Coal production from mining’s top ten set to increase
Coal production from the top ten mining companies (Coal India, China Shenhua, Yanzhou Coal, Peabody, China National Coal, Glencore, Siberian Coal, PT Bumi, BHP and Arch Resources) fell from a collective 1,704Mt in 2019 to 1,633Mt in 2020, which is a 4.2% decline.
The most significant declines were observed from Arch Resources (28.6%), PT Bumi (24.9%), Glencore (23.9%), and Peabody (21.8%), according to GlobalData, a leading data and analytics company.
GlobalData expects production from the top ten companies to be between 1,683-1,740Mt in 2021, which is an increase of up to 6.6% compared with the collective output in 2020 (1,633Mt). Operating activities, backed by the rollout of vaccine and strict COVID-19 protocols on-site, returning to normal is expected to be a key production driver for companies in 2021.
Production from Arch Resources (formerly Arch Coal) declined primarily due to the sale of the Holden #22 Surface mine in December 2019, coupled with weak economic conditions during Q1 2020. In addition, the temporary suspension of the Viper mine in Q2 2020 further disrupted the company’s coal production.
Vinneth Bajaj, Associate Project Manager at GlobalData, commented: “Heavy rainfall amid the outbreak of COVID-19 impacted PT Bumi’s output in 2020, while Glencore’s coal output fell for the fourth consecutive quarter as the company’s Colombian coal assets remained suspended as part of the COVID-19 preventive measures.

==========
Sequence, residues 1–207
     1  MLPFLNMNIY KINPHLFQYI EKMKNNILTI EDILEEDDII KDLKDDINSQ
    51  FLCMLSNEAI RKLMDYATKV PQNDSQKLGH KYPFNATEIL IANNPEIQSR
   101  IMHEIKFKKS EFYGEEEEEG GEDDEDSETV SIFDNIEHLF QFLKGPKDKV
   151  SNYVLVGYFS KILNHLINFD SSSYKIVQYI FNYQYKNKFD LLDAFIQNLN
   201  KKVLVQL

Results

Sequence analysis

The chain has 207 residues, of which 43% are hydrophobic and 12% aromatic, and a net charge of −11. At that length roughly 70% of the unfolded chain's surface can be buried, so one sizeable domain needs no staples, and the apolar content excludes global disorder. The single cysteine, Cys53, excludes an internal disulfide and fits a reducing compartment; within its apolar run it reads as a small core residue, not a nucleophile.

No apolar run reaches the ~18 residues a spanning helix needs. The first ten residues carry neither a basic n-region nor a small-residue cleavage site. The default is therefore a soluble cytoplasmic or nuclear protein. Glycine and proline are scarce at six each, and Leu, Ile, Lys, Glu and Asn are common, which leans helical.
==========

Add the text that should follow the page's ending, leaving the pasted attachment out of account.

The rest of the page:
“Scheduled production cuts across the Australian portfolio also impacted the company’s overall output as did the placement of the Prodeco mine under care and maintenance and strikes at Cerrejon between August and December 2020.”
Peabody’s output dropped primarily due to the upgrade of the main line conveyor system at Shoal Creek, alongside pit sequencing work at Moorvale and a dragline outage at Coppabella. In addition, the company also suspended operations at the Wambo underground mine for around 59 days during the second half of 2020. The closure of mines including Kayenta and Cottage Grove (Q3 2019) and Wildcat Hills (Q2 2020) further impacted the company’s output.
Bajaj continued: “BHP’s coking coal production was impacted by planned maintenance at the Saraji and Caval Ridge mines, environmental disruptions at La Nina, and lower yields at the South Walker Creek and Poitrel mines. Meanwhile, the thermal coal segment, from which the company is expected to exit in the near future, was affected by a 91-day strike at Cerrejon, which started on August 31, 2020.”
“In contrast, production from Coal India rose by 4% owing to a recovery in the offtake from India’s power sector, which was supported by a resumption in industrial and commercial activities as the country’s electricity demand started to recover from the COVID-19 setback,” said Bajaj.
“Output from China Shenhua, Yanzhou and China National Coal Group also increased, rising by 3.1%, 10.2% and 8.1%, respectively, in 2020, mainly owing to a quick recovery in China, particularly during the second half of 2020.”
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